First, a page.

With a cane and hat just about anyone can look quite the dandy. Meet the fine and dandy gentlemen our Serena Altschul has been watching:
"My style is a little bit of Jazz Age," said Dandy Wellington. "There's that old Harlem feel." And the fit of his clothes? "A bit looser; my trousers are up to here. My lapels are wider."
"When I feel put-together is when I feel most comfortable," he said.
And he never leaves home without a hat.
He goes by the stage name Dandy Wellington, but this is no act. When Altschul asks if might ever bump into him on the street wearing sweatpants and a T-shirt, Wellington replies, "No. Sorry."
And as his name implies, Dandy Wellington is one of a rare breed of men for whom dressing well is not just a hobby, but a lifestyle.
So what is a "dandy"?
"The definition that we took for our book, is a man obsessed with personal elegance," said Nathaniel Adams, Dandyism.net's current "Dandy of the Year." He and photographer Rose Callahan spent five years studying these unconventional but impeccably-clad men for their book, "I Am Dandy: The Return of the Elegant Gentleman" (Gestalten).
"With Dandies, it's their whole being, -- they couldn't exist any other way," said Adams. "If they were on a desert island, they'd polish their shoes with squid ink, and they'd use a fish bone as a tie pin."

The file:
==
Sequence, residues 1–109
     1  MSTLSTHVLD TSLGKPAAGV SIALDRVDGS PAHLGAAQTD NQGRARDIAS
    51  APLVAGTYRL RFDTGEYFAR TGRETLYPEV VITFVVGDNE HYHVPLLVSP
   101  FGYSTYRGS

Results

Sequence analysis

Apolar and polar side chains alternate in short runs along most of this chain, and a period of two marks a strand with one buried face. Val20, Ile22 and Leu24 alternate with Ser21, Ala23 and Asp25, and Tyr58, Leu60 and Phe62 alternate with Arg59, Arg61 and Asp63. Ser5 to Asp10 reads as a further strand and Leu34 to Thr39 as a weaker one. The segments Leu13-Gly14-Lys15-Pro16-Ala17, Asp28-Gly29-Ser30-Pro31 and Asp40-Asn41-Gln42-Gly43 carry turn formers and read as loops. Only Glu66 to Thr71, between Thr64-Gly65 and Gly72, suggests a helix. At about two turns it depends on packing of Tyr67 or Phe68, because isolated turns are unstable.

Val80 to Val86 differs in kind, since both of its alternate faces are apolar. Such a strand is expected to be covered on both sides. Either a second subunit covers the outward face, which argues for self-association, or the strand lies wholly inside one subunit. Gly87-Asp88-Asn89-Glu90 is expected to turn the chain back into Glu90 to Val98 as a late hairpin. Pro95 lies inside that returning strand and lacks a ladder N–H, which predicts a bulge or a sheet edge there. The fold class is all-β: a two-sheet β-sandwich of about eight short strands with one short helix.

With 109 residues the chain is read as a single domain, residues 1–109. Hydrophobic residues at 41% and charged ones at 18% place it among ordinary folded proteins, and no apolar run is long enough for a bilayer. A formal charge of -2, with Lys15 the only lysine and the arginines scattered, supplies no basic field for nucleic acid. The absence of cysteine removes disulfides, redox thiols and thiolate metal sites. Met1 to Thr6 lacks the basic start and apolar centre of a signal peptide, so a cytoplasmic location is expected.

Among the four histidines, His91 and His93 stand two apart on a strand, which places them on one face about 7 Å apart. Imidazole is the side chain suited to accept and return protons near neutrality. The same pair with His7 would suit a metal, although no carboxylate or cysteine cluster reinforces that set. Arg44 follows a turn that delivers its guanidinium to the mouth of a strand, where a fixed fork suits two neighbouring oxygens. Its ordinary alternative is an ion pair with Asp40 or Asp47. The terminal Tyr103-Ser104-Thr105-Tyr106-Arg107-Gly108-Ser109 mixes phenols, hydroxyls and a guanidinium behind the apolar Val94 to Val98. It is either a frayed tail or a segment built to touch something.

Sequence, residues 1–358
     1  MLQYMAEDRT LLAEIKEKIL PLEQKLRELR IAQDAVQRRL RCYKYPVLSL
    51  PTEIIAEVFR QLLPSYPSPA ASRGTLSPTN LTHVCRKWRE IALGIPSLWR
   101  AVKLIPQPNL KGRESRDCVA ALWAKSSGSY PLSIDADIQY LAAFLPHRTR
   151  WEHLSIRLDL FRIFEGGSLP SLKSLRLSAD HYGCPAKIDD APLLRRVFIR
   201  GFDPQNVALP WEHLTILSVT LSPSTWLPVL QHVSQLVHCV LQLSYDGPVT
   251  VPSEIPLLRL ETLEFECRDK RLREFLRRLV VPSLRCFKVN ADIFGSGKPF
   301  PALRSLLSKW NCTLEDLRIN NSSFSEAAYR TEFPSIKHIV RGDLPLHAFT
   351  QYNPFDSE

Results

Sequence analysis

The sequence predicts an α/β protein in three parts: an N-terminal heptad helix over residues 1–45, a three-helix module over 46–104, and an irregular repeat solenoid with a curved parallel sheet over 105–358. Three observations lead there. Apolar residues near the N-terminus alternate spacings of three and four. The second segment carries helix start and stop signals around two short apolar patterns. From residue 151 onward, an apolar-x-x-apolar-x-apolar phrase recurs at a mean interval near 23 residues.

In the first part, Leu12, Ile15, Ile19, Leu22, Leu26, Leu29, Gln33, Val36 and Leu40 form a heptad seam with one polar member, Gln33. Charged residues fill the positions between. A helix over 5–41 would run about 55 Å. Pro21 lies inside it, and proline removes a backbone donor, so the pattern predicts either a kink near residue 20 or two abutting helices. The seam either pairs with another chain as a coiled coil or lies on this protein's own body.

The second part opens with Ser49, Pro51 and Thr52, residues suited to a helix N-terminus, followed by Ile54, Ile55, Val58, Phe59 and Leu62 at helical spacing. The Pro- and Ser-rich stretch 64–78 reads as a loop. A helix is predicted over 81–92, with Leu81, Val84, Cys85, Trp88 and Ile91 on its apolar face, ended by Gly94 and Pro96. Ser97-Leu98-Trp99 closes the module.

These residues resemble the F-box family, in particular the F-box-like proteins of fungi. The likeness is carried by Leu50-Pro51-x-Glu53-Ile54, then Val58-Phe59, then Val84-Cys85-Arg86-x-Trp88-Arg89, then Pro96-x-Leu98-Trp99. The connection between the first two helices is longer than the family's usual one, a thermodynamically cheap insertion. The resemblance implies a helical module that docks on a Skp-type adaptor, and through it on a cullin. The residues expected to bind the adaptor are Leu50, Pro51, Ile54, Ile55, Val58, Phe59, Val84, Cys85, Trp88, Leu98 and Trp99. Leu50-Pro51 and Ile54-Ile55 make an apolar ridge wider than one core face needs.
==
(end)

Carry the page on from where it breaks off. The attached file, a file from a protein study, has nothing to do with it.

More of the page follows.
Think Oscar Wilde . . . journalist Gay Talese . . . or screen legend Fred Astaire. But who else is a dandy?
George Clooney? "No," said Adams.
Director John Waters? "Yes," says Callahan.
Justin Timberlake? "I think he might be a little too fashionable," said Adams. "He's always changing his style."
Willy Wonka? "I would say, Yeah. I think so,'" said Callahan. "I'd have to see Willy Wonka's closet to see."
And then there's New York City attorney Edward Hayes. Altschul caught up with him at Beckenstein's Bespoke, with his longtime tailor and friend Jonathan Boyarsky.
Altschul asked, "True or false: there's a rumor that you refuse to wear a bullet proof vest?"
"Oh, that's true," Hayes replied. "What happened was, I represent a guy who beats his wife to death. Terrible, terrible man. I go to his house with the cops, and the cop says, 'Put on a bullet proof vest.' I said, 'No way -- it'll ruin the fit of my suit, and if the TV stations show up I'll look terrible!'"